"Moonlight" success gives inner city Miami kids another reason to hope

Kamal Ani-Bello, Amanda Ali and Larry Anderson attend Miami Northwestern High -- the same school the movie’s director, Barry Jenkins, attended

CBS Evening News

MIAMI -- The top prize on Sunday night -- best picture -- went to the African-American coming-of-age movie “Moonlight.” It is a story rooted in Miami, and the success of the film is giving some inner city kids another reason to hope. 

“Moonlight” follows the life of Chiron, a young black man who struggles with his sexuality, a drug-addicted mother and the tough streets of Miami’s Liberty City -- the streets these kids call home.

Kamal Ani-Bello, Amanda Ali and Larry Anderson attend Miami Northwestern High -- the same school the movie’s director, Barry Jenkins, attended. All three were also cast in the film, and indicated that they were shocked -- in a good way -- that the film won best picture.

Anderson was one of the bullies in a pivotal scene. 

“When you come to Miami you think of South Beach, you think of the cars, but you don’t really see the real people inside Miami like Liberty City,” said Anderson. 

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Kamal Ani-Bello, Amanda Ali and Larry Anderson attend Miami Northwestern High -- the same school the movie’s director, Barry Jenkins, attended.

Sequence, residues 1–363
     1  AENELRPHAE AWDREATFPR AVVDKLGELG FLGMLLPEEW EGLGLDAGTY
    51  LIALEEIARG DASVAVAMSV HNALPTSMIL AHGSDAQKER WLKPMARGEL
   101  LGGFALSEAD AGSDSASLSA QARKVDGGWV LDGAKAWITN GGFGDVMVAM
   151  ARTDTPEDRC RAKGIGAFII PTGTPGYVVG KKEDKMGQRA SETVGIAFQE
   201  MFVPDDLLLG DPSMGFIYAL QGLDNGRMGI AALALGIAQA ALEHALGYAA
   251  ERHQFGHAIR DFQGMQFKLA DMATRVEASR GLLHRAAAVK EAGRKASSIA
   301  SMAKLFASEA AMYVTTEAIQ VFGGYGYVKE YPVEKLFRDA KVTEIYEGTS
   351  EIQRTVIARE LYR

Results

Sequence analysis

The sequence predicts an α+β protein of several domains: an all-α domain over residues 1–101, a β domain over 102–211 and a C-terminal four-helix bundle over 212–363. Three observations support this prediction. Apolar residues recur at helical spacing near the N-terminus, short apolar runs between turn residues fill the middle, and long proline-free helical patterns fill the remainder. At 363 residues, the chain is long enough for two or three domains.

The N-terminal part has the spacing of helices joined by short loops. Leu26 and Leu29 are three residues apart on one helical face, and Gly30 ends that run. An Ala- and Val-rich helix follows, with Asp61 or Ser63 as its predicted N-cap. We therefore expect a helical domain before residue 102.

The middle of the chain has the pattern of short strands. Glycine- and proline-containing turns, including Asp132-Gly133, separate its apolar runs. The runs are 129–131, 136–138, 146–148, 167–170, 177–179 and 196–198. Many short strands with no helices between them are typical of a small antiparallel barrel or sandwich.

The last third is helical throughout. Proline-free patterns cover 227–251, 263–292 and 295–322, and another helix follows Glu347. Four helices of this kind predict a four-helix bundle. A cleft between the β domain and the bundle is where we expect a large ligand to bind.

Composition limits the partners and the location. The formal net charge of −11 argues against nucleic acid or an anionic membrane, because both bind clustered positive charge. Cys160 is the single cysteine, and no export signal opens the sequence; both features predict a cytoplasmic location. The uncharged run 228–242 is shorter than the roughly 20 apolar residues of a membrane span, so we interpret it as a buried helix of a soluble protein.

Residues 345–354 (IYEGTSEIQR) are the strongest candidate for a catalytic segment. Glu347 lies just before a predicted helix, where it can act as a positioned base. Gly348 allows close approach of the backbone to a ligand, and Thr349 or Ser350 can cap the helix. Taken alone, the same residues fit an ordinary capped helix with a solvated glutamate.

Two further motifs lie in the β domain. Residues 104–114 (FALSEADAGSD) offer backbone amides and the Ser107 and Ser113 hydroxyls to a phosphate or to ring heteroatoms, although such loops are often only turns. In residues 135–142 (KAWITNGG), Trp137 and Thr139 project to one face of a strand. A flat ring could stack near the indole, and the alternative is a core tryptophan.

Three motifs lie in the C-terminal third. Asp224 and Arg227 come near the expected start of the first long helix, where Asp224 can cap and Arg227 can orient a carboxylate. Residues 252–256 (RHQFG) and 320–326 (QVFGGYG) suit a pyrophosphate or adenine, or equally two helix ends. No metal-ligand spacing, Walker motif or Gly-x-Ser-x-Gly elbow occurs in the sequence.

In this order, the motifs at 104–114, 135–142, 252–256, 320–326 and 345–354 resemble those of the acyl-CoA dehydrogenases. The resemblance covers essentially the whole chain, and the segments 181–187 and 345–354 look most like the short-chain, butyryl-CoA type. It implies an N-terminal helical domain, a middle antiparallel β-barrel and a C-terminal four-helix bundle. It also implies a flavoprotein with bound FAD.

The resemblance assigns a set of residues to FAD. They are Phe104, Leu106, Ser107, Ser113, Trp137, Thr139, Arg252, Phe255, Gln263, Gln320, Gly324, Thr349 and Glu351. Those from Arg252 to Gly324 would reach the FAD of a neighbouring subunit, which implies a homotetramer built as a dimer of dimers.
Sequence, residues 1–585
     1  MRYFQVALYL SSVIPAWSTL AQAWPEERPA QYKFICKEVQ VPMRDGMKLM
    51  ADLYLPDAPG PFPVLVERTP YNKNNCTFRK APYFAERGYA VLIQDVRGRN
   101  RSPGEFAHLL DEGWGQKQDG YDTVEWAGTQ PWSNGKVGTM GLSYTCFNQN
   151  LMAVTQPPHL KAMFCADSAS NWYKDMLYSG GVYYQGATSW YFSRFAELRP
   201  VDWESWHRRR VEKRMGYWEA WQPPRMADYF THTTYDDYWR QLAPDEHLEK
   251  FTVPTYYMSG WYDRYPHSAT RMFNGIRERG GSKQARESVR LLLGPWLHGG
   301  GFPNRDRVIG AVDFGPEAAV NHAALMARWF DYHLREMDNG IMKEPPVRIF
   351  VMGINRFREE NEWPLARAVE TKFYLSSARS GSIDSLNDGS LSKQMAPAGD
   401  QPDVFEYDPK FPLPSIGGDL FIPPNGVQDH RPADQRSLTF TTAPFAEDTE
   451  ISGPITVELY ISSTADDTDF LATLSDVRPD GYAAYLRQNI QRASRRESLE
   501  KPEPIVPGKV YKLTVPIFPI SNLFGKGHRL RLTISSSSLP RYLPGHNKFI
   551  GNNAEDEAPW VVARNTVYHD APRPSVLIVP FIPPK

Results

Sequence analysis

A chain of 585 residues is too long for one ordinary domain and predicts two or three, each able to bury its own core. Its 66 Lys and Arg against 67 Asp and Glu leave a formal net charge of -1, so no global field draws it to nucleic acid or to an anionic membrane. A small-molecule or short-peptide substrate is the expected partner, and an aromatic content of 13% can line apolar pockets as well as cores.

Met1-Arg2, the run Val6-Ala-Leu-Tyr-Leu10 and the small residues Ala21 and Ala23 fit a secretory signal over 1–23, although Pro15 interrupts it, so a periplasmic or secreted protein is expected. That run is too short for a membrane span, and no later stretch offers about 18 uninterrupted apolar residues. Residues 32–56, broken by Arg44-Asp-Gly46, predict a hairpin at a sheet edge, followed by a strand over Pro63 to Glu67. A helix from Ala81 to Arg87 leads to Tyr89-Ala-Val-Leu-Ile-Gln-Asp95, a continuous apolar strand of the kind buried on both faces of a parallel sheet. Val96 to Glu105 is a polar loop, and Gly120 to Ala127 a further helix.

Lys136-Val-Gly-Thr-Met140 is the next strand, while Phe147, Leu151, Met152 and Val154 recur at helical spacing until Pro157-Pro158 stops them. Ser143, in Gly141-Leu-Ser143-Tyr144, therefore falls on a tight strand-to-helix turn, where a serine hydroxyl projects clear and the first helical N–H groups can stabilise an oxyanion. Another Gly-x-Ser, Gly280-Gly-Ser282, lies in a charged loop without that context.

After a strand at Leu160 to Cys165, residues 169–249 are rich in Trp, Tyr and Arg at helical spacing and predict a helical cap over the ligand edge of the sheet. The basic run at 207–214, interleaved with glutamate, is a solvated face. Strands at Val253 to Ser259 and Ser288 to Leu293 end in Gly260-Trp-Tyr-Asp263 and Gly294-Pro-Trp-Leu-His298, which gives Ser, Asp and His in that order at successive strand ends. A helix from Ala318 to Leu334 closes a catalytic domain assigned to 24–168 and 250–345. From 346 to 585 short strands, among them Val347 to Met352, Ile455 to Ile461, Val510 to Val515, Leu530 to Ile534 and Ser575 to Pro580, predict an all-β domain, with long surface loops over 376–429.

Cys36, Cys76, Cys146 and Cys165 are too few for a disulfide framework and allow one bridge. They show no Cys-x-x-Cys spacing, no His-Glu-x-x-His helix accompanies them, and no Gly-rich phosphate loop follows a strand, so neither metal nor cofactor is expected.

CBS Evening News

Tarell Alvin McCraney based the script on his experiences also growing up here. He’s returned since the film’s success to speak with aspiring actors and writers.

Last night, both men paid tribute to their roots.

“This goes out to all those black and brown boys and girls and non-gender conforming who don’t see themselves,” McCraney said. “We are trying to show you you and us.” 

Natalie Baldie is the artistic director of Northwestern High’s performing arts program.

“What does this represent for those students?” CBS News asked. 

“They can actually see past the violence and the guns, and start believing in their gifts,” she said.          

Now, they see clear to Hollywood, all the way from Miami.

“I can actually have the chance of winning my own Oscar,” said Anderson.

And a belief that they, too, can reach the same heights.